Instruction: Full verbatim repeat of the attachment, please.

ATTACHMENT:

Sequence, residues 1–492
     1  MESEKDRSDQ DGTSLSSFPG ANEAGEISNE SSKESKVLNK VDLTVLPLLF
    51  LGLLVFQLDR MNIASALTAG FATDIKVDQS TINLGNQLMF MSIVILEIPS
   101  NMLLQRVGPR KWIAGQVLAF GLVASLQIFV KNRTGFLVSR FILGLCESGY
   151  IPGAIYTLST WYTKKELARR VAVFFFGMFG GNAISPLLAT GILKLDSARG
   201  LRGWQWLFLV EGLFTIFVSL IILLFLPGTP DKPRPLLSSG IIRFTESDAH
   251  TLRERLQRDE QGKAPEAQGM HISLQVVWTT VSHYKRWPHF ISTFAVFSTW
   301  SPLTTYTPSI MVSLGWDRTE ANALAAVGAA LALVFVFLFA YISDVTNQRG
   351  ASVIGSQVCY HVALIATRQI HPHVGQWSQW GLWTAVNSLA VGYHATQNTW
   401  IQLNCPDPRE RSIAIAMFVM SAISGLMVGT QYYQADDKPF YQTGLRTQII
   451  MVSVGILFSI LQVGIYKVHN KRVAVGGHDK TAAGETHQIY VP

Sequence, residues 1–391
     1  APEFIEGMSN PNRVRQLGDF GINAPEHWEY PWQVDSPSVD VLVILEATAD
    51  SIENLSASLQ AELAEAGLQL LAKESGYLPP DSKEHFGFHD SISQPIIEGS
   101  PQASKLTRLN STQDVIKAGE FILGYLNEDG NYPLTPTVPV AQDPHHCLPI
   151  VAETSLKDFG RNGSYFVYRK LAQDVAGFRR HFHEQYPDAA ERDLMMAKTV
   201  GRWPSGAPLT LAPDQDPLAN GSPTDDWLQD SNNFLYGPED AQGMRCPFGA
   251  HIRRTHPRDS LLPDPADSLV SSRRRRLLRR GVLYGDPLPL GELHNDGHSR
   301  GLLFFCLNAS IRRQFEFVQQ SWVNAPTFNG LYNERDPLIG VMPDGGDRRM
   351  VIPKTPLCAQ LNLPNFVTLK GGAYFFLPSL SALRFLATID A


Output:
Sequence, residues 1–492
     1  MESEKDRSDQ DGTSLSSFPG ANEAGEISNE SSKESKVLNK VDLTVLPLLF
    51  LGLLVFQLDR MNIASALTAG FATDIKVDQS TINLGNQLMF MSIVILEIPS
   101  NMLLQRVGPR KWIAGQVLAF GLVASLQIFV KNRTGFLVSR FILGLCESGY
   151  IPGAIYTLST WYTKKELARR VAVFFFGMFG GNAISPLLAT GILKLDSARG
   201  LRGWQWLFLV EGLFTIFVSL IILLFLPGTP DKPRPLLSSG IIRFTESDAH
   251  TLRERLQRDE QGKAPEAQGM HISLQVVWTT VSHYKRWPHF ISTFAVFSTW
   301  SPLTTYTPSI MVSLGWDRTE ANALAAVGAA LALVFVFLFA YISDVTNQRG
   351  ASVIGSQVCY HVALIATRQI HPHVGQWSQW GLWTAVNSLA VGYHATQNTW
   401  IQLNCPDPRE RSIAIAMFVM SAISGLMVGT QYYQADDKPF YQTGLRTQII
   451  MVSVGILFSI LQVGIYKVHN KRVAVGGHDK TAAGETHQIY VP

Sequence, residues 1–391
     1  APEFIEGMSN PNRVRQLGDF GINAPEHWEY PWQVDSPSVD VLVILEATAD
    51  SIENLSASLQ AELAEAGLQL LAKESGYLPP DSKEHFGFHD SISQPIIEGS
   101  PQASKLTRLN STQDVIKAGE FILGYLNEDG NYPLTPTVPV AQDPHHCLPI
   151  VAETSLKDFG RNGSYFVYRK LAQDVAGFRR HFHEQYPDAA ERDLMMAKTV
   201  GRWPSGAPLT LAPDQDPLAN GSPTDDWLQD SNNFLYGPED AQGMRCPFGA
   251  HIRRTHPRDS LLPDPADSLV SSRRRRLLRR GVLYGDPLPL GELHNDGHSR
   301  GLLFFCLNAS IRRQFEFVQQ SWVNAPTFNG LYNERDPLIG VMPDGGDRRM
   351  VIPKTPLCAQ LNLPNFVTLK GGAYFFLPSL SALRFLATID A